It’s easy to think of bones as sturdy, rigid white pillars that sit still inside of muscle and skin, dignified as distant diplomats. They’re the foundation of vertebral form, building the framework of our makeups yet barely meant to see sunlight, save for smiling. With shapes that vary and are shared from species to species, all ensuring proper construction of stature, bones are the discreet machinery required to synthesize and support the current of blood that runs through the rest of the system.
Bone is a dynamic tissue, meaning that it never stays completely still. Every day, a little bit of bone is released into the blood and (with properly functioning genes, hormones, the necessary nutrients, and something subtly spiritual) will then be completely reformed. Bones display the power and the potential danger of hardening. Ossification is the word that describes the process of calcifying the material that develops into bone when a little bit of it is carefully eroded. With a touch of mismanagement, other organs and tissues can calcify, but are then rendered useless, a nuisance, lethal even. Nothing hardens as gracefully as bone. Nothing else needs to petrify so intently within us that it is set up for excavation a millennia ahead. Ultimately, we are mobile cathedrals of calcium and other substances, earthbound and ephemeral and eventually returning everything inside back to that from which we came with heroic bones proving our existence long after words whittle away and soft tissues are churned into dirt.
Some people go a lifetime without seeing a physical fraction of what’s at their structural core, but spend a large portion of their existence silently giving to and taking from their own bones, exchanging calcium and phosphate and magnesium and fluoride and manganese and so on and so forth to balance the blood. There’s a good chance it’s happening right now.
When we talk about bones we can’t go much deeper. To feel something to the bone is to officially know that every existing iota is dedicated to a thought, feeling, or instinct. Working to the bone implies utmost exhaustion of energy, physical or mental. To cut something to the bone is to reduce it to naught more than the absolute minimum. When it comes down to it, they represent nothing and everything all at once.
Hardsturdystrong as they are, bones need to be cushioned and covered, as the possibility of being stripped to the minimum would render a creature so bare, so exposed that everything you are would be visible and skin would sink in between the cracks and you would shortly thereafter become nothing but an ossified memory.
There’s a lot of hubbub about bones and their broth these days and it’s well-deserved. Centuries have proven broth to be the sumptuous soul of so many dishes, the core of comfort food, the distillate of warmth. It’s August, which probably means that a recipe for broth won’t go very far, but I’ve got a feeling coming from somewhere that it doesn’t matter because it is timeless and temperatureless and will make you glow and it freezes fantastically for later use. So, come on, do the thing…just get:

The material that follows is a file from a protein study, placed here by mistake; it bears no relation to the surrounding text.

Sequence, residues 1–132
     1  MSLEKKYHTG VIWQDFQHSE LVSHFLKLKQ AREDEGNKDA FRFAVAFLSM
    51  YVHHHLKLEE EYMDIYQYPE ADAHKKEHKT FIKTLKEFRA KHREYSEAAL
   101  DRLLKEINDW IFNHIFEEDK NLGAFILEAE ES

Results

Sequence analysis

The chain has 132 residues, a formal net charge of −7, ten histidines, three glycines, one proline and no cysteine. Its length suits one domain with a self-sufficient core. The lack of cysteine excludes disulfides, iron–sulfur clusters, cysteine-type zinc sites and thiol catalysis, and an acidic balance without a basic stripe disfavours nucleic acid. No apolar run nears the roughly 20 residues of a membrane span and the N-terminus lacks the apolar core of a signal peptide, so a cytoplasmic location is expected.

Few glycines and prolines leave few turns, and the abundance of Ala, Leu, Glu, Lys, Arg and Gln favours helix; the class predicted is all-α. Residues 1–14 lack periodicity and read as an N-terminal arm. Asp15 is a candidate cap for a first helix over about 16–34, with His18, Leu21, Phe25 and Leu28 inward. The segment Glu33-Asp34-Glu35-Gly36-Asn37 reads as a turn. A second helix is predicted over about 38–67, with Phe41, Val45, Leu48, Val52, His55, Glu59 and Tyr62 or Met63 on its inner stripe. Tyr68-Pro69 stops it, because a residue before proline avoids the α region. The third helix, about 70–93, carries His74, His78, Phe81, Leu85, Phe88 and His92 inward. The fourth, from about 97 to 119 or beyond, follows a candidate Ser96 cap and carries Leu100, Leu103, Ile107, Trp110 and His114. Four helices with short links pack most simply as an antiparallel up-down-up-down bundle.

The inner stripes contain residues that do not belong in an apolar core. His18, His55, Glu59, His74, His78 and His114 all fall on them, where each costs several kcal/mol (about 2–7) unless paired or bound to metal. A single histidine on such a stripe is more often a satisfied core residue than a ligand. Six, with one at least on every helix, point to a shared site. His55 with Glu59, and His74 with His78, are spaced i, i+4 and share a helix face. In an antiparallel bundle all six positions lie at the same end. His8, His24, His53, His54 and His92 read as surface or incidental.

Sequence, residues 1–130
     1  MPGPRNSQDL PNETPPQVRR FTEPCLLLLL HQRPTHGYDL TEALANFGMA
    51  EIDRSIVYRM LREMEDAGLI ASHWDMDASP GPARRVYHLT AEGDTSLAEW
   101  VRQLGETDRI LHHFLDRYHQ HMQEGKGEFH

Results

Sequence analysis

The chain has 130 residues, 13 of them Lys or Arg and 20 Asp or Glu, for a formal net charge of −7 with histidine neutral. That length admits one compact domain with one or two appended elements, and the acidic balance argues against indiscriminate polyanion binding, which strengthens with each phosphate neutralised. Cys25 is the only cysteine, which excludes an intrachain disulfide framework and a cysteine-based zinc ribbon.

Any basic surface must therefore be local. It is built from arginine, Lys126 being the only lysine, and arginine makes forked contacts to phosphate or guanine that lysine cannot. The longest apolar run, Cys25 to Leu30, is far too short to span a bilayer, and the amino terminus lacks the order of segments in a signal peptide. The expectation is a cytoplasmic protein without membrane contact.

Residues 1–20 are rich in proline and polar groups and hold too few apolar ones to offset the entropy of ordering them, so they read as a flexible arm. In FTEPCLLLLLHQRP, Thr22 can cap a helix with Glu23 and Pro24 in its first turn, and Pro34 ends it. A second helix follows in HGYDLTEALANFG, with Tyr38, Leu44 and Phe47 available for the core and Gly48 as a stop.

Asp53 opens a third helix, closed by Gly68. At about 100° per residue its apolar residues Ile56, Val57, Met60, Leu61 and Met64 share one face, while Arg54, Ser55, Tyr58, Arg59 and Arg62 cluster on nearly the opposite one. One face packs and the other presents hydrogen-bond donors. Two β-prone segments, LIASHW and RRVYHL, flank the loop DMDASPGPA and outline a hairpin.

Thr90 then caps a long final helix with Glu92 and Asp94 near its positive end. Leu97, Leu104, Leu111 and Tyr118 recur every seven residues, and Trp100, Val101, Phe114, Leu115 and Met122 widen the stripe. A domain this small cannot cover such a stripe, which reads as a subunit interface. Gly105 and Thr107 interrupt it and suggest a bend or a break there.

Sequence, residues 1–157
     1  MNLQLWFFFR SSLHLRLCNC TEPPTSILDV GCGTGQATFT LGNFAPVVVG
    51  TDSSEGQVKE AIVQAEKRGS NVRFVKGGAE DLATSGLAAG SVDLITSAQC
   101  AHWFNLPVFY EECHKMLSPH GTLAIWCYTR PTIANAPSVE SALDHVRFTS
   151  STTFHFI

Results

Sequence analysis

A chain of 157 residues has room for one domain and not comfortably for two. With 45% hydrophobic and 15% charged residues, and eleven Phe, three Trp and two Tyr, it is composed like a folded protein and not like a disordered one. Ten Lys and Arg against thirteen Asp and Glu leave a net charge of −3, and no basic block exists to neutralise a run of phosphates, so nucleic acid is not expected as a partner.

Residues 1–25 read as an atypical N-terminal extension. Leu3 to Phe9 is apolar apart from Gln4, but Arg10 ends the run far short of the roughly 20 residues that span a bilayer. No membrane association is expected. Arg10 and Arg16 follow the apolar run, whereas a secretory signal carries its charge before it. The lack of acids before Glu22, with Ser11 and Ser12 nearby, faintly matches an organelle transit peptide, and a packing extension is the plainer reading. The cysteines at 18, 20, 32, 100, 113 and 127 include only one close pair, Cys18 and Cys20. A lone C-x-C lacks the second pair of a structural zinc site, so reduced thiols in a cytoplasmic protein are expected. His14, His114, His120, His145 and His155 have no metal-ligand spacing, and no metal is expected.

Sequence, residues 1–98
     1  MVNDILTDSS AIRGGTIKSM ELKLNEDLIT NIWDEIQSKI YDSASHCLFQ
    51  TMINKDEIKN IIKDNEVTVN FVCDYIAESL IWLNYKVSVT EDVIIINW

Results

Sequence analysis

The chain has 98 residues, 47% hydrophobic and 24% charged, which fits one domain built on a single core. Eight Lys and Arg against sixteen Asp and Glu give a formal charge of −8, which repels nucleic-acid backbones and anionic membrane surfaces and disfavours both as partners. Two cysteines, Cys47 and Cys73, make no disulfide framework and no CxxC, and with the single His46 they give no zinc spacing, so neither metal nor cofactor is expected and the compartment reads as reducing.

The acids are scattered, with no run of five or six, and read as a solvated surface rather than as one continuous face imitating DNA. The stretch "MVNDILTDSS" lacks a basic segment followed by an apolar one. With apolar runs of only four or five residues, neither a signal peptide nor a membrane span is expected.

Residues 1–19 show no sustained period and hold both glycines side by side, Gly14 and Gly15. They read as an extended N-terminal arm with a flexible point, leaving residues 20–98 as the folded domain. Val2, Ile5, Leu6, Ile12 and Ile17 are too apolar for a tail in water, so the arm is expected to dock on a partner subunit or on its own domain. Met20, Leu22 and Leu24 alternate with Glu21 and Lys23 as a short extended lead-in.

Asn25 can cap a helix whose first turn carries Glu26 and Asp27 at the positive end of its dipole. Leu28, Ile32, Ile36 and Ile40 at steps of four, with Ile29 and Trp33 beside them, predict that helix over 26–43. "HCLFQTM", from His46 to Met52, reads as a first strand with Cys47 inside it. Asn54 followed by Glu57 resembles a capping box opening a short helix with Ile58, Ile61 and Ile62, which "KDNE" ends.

2-3 pounds of bones (chicken feet/necks/wings/whole or beef usually)
a few chopped up vegetables (1 onion, 2 celery, 2 carrots, a few mushrooms, you get the idea)
a few handfuls of chopped herbs (parsley, oregano, rosemary, go wild; fresh is best but dried will do)
a blob of butter or ghee or coconut oil (depends on your preference)
4-6 whole peppercorns or a few grinds of the mill
2-3 teaspoons of turmeric
a bay leaf
a small strip of kombu (it’s seaweed, but doesn’t taste weird. just trust me here, minerals galore)
a small splash of vinegar (easy does it)
a pinch of salt..plus another pinch, until it’s delicious to you
now put on some good tunes (whatever this means to you) and put alll the above ingredients in a pot, probably one of the bigger pots you own. cover everything with water until it’s about an inch over all the ingredients. bring the whole lot to a boil and turn back the heat until the boil settles out of court to a mild simmer. just to clarify, a simmer means that small bubbles are breaking the surface of the water somewhat quickly, usually at the sides of the pot. so keep it there, at a simmer, the longer the better, stir it up here and there. every hour allows for optimal permeation of vitamin, mineral, animal, spirit, vegetable to diffuse into the water. slow cookers can go for 8-12 hours. on the stove, however, i usually top off at 4-5. when you turn off the heat, you have broth. strain it, eat it, use it in other recipes, or store it for later in the freezer.
broth = flavor. any savory recipe that uses water can benefit from replacement with broth. or, heat up the broth, add rice, add noodles, add other vegetables, add cooked potatoes, add hot sauce, add some seaweed, add an egg. the possibilities are potentially endless (i wouldn’t add ice cream or doritos though..). If you’re partial to a life sans animal consumption, omit the bones, add some extra veggies and enjoy your homemade veggie broth. share it when you can, let me know what you think.